In accordance with the invention, a novel drum for transportation of flexible corrugated electric power cable, realizing the above stated goal, comprises a pair of semi-cylindrical end sections having a maximum diameter and axial width consistent with vehicular transportation requirements and having their arcuate portions positioned away from each other, and means for rigidly maintaining the end sections with their diametric surfaces spaced parallel from each other to form a spool member of oval cross-section. The exterior surface of the spool member forms the floor of a channel. A planar retainer member is secured to each flat end of the spool member to form the side walls of the rectangular channel, capable of receiving at least one layer of flexible cable.

In one preferred embodiment, the longest dimension of the drum is increased to the order of 75 feet, while the height and width of the drum remain within the maximum dimensions of 15 feet and 8 feet, respectively, as required for vehicular transportation. The oval drum enables shipment of a single continuous length of corrugated cable of diameter up to about 18 inches.

Accordingly, it is one object of the present invention to provide a novel drum for transportation of flexible electric power cable.

This and other objects of the invention will become apparent upon the reading of the following detailed description and the accompanying drawing figures.


FIG. 1 is an axial cross-sectional view of a portion of a flexible corrugated electric power cable, and useful in understanding the principles of the present invention;

FIG. 2 is a perspective view of a conventional drum for transportation of conventional flexible electric power cable;

FIG. 3 is a view in side elevation of a flexible cable transportation drum in accordance with the principles of the invention; and

FIGS. 4 and 5 are illustrations of two possible installations of the novel drum of the present invention, illustrating winding or unwinding of a flexible power cable thereon.


Referring now to the Figures, existing flexible transmission cable 10, such as described in U.S. Pat. No. 3,792,188, issued Feb. 12, 1974, and assigned to the assignee of the present invention, comprises a central corrugated conductor 11 which is enclosed by a corrugated conductive housing 12. Existing cables 10 have a maximum outer diameter D1 of about 6 inches; cables having an outer diameter D1 of 18 inches have been proposed. Conductor 11 is sized in accordance with the current which must be carried by the transmission line, and is conventionally supported within corrugated housing 10 by insulator means, such as a plurality of radial spacers 14 or the like. Volume 15 intermediate inner conductor 11 and corrugated housing 12 is filled with an insulating gas, such as SF6 or the like.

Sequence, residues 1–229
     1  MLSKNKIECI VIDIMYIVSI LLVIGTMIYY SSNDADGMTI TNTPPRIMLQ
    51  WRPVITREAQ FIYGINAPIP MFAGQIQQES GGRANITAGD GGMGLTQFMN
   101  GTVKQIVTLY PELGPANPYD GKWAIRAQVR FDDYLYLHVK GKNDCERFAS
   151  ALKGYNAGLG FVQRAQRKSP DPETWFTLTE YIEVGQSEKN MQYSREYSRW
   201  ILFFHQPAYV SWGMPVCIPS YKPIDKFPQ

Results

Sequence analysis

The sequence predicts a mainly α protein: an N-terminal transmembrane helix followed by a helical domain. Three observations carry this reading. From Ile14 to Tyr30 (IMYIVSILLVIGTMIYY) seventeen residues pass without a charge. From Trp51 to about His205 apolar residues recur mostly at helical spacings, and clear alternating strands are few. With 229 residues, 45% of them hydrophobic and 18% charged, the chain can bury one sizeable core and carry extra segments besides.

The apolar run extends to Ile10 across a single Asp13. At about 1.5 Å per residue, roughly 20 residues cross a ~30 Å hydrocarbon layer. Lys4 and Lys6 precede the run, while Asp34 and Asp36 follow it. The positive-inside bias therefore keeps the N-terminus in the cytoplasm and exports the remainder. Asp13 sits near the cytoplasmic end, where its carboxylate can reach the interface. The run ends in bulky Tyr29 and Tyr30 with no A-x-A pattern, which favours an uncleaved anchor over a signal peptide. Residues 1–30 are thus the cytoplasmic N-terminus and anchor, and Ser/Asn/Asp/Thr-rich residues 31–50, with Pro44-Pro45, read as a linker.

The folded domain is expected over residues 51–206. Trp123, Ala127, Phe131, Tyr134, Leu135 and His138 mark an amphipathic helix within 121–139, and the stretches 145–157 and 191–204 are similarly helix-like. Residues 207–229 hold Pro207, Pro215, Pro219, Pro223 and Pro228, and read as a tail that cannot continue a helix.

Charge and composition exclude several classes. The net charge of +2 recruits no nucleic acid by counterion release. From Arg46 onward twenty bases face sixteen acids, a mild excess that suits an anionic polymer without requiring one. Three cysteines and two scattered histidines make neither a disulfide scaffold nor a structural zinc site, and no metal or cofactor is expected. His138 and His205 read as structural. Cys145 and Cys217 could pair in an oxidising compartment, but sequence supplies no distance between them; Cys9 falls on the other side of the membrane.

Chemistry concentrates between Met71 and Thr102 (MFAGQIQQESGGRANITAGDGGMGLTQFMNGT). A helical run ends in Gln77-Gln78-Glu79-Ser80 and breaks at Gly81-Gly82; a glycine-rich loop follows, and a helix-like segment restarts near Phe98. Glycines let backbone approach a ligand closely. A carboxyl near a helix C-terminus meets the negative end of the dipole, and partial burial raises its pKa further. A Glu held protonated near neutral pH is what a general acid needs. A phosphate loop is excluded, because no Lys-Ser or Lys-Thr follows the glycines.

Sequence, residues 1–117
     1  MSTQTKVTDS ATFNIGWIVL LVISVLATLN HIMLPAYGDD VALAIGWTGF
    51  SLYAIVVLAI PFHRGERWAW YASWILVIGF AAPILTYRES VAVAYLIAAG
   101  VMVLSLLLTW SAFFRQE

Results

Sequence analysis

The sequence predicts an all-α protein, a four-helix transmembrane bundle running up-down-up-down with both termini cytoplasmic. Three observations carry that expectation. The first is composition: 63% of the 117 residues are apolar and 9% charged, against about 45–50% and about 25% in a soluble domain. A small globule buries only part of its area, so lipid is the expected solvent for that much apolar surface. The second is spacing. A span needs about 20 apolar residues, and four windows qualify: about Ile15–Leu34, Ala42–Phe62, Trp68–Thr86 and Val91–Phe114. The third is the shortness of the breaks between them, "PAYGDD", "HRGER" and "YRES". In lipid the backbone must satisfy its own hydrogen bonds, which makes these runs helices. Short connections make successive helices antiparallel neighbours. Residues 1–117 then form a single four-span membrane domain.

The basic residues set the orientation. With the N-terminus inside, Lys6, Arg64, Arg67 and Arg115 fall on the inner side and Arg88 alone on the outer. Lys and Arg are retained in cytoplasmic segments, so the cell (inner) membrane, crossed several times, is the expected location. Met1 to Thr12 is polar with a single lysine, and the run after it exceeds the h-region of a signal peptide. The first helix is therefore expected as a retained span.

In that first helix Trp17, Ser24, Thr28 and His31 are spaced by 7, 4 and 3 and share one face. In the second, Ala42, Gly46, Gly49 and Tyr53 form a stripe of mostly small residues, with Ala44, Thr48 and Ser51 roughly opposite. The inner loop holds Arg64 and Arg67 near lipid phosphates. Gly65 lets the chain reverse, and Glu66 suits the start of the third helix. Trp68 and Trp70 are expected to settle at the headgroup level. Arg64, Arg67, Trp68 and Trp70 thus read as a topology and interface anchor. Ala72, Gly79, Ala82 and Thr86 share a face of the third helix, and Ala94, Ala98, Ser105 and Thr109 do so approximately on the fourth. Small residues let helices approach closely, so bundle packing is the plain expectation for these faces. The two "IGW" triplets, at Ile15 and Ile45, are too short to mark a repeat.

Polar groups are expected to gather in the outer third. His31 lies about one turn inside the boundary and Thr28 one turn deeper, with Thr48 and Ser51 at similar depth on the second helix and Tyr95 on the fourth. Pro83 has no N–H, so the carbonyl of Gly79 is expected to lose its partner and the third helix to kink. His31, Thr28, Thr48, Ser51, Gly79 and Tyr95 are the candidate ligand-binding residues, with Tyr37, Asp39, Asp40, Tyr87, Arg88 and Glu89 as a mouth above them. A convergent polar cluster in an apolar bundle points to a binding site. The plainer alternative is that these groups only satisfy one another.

Flexible corrugated cable 10 may be wound upon a drum for vehicular transportation to an installation site. A Typical drum 20 (FIG. 2) comprises a cylindrical spool 21 having a diameter D2 and a width Wa. A circular retainer 22 having a diameter D3, greater than spool diameter D2, is affixed in axial alignment at each end of spool 21. A continuous length of cable 10 may be wound in at least one layer within the generally rectangular-shaped channel formed by the parallel spaced annular portions 22a of end pieces 22 positioned substantially perpendicular to the exterior surface of spool 21. The maximum overall width W and height D3 of spool 20 are regulated by the maximum dimensions transportable on highway and railway vehicles and are of the order of 8 feet and 15 feet, respectively. For such a drum, a spool diameter D2 of 10 feet may be used allowing winding of 600 feet of 12 inch outer diameter flexible cable 10 in two layers or 200 feet of 18 inch outer diameter flexible cable in a single layer.

As considerably longer continuous lengths of cable are required for a typical installation, several cable lengths must be spliced and sealed on-site, resulting in an expensive and time consuming process since contaminating material must be excluded from the interior volume 15 of cable 10 during splicing or the electrical insulation of the completed cable will eventually weaken.

Referring now to FIG. 3, a novel drum 30 will not only allow winding of a practical length of relatively large outer diameter cable for shipment while meeting the above-stated width and height requirements, but will also provide for transportation of continuous flexible cable lengths several times longer than practical with a cylindrical drum 20.

Vehicular transportation facilities can accommodate objects having a length dimension considerably greater than the severely-restricted width dimension. Drum 30 has an oval cross-section to increase the drum length while utilizing a pair of spaced rounded end sections 30a, about which a length of flexible cable 10 may be gradually bent to change the running direction thereof during drum winding.